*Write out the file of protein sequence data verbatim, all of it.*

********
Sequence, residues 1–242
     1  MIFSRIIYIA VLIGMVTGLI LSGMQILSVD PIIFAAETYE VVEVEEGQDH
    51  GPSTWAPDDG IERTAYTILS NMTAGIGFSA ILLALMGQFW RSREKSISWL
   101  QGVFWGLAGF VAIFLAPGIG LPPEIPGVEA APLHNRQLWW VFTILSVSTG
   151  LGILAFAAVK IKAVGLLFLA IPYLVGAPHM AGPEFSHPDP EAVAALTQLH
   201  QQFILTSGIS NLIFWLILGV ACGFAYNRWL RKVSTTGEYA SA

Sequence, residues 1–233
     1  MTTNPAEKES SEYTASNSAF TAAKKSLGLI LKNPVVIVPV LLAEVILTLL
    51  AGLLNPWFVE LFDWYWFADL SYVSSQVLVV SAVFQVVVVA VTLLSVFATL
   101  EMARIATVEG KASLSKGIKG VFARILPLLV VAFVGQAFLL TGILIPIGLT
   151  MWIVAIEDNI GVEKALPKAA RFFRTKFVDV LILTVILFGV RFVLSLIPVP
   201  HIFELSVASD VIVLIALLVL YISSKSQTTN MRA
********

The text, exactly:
Sequence, residues 1–242
     1  MIFSRIIYIA VLIGMVTGLI LSGMQILSVD PIIFAAETYE VVEVEEGQDH
    51  GPSTWAPDDG IERTAYTILS NMTAGIGFSA ILLALMGQFW RSREKSISWL
   101  QGVFWGLAGF VAIFLAPGIG LPPEIPGVEA APLHNRQLWW VFTILSVSTG
   151  LGILAFAAVK IKAVGLLFLA IPYLVGAPHM AGPEFSHPDP EAVAALTQLH
   201  QQFILTSGIS NLIFWLILGV ACGFAYNRWL RKVSTTGEYA SA

Sequence, residues 1–233
     1  MTTNPAEKES SEYTASNSAF TAAKKSLGLI LKNPVVIVPV LLAEVILTLL
    51  AGLLNPWFVE LFDWYWFADL SYVSSQVLVV SAVFQVVVVA VTLLSVFATL
   101  EMARIATVEG KASLSKGIKG VFARILPLLV VAFVGQAFLL TGILIPIGLT
   151  MWIVAIEDNI GVEKALPKAA RFFRTKFVDV LILTVILFGV RFVLSLIPVP
   201  HIFELSVASD VIVLIALLVL YISSKSQTTN MRA